#Metoo, Of Course
Don’t lie to us and say you’re surprised.
This past week has been full of #metoo posts from women around the world on social media.
As I watched the flood of posts, scrolling past another and another, then more and more, of every woman I know on Facebook, strangers on Twitter, I felt the rising heat in my chest.
While #metoo may be provoking conversation and forcing men to see the actual human people in their lives who have been personally effected by sexual harassment, it should not be a surprise.
Be sad, make promises, be horrified, but don’t lie to us and say you’re surprised.
In a culture that blames the victim of sexual assault more often than not, that has dress codes throughout children’s school saying girls have to cover their shoulders so that the BOYS can learn, in a world where in some countries girls just don’t go to school during period week. In a world where my fucking uterus is more regulated and legislated than tools of murder, you are not allowed to be surprised that every woman you know has been harassed, and most of them so many times that they simply shrug it off.
We stop telling people.
Girls are taught to carry pepper spray, wear different clothes, carry your keys so they stick out from each finger, just in case.
Women are scared to walk alone in parking garages, or late at night in their own neighborhood. We base decisions about how late to stay out, the outfit we wear, and where we park our car all on the possibility of harassment.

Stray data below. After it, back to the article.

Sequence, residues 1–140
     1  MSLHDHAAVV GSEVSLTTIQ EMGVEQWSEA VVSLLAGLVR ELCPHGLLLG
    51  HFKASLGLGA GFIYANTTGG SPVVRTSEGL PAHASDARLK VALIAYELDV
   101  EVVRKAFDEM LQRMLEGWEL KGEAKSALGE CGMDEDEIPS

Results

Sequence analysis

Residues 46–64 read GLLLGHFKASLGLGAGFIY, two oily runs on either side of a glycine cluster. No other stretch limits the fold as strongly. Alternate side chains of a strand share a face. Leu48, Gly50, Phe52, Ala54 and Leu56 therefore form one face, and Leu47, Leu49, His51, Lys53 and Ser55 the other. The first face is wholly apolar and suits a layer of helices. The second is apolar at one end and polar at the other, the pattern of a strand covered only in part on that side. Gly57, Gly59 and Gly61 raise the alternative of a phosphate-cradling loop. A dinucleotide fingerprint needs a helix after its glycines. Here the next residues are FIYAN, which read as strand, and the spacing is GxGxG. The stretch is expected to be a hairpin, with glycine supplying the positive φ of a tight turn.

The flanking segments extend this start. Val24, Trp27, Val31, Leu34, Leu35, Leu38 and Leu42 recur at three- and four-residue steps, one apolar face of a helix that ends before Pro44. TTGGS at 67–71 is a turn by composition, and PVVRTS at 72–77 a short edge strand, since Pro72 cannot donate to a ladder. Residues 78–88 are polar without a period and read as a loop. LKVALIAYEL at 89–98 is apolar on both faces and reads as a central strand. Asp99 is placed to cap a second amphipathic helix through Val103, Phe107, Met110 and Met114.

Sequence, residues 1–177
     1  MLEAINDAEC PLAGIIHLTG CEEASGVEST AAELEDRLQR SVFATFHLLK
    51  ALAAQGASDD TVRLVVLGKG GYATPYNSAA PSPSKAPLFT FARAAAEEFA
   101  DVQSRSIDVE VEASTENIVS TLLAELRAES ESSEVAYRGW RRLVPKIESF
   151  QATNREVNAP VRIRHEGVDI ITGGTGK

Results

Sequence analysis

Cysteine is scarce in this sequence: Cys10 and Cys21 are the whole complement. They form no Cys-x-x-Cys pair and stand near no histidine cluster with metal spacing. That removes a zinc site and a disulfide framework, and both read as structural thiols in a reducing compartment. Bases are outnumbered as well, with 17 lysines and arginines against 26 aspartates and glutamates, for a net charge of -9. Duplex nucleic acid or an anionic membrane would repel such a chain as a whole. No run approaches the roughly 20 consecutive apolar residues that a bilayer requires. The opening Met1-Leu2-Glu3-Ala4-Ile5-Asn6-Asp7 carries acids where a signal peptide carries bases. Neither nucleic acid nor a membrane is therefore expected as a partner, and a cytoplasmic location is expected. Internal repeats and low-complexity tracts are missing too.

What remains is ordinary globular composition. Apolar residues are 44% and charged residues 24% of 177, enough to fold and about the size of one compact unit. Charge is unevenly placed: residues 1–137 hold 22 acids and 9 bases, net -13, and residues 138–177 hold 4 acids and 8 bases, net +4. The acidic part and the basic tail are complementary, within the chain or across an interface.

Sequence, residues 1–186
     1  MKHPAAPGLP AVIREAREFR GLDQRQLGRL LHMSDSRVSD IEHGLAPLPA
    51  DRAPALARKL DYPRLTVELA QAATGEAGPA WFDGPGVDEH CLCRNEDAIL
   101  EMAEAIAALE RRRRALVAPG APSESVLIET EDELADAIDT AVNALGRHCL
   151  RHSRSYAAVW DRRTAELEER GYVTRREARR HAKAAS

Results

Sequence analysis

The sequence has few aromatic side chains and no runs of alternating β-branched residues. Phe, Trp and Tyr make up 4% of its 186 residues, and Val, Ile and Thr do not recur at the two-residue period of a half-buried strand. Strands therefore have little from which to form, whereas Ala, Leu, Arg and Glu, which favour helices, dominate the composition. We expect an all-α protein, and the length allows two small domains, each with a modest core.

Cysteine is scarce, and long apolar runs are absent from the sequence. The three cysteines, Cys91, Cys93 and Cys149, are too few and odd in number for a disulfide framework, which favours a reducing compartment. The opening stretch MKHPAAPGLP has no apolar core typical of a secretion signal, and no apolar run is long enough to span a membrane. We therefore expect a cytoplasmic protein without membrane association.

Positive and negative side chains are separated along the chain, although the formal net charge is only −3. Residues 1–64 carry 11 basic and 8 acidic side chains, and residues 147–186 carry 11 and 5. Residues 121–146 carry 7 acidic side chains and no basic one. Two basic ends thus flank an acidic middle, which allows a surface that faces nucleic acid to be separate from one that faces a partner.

Me too. Of course, me too.
Me too because I had a “friend” follow me back to my apartment in college and try to force himself on me. He said I had flirted with him and clearly wanted him or else I “wouldn’t have worn that.” Because this happened more than once.
Me too because I have been groped on the NYC train, at parties, and in lines.
Me too because I can’t walk down the street after dark without feeling extremely vulnerable and nervous. Without walking faster and holding my purse a little tighter.
Me too because men feel like it’s okay to tell me to “smile” or comment loudly on my weight or my breasts or my clothes as I walk in their general vicinity.
Me too because I grew up knowing I have to fear rape and assault from men and have to make DAILY DECISIONS based on the fact that simply because I am a woman, I am far more likely to be physically and sexually assaulted.
Sure, I am happy the #metoo movement on social media is opening men’s eyes to the true epidemic of harassment and assault and how it makes women feel.
But the fact is that we needed to have a movement at all for half the population to even be aware that women are their own individual humans and should not be left in daily indoctrinated fear.
When will our society move from “here is how you can protect yourself from assault, ladies” to “do not assault, men. This is your responsibility and you will be held accountable for your actions.”?
So, yeah. Me too, assholes.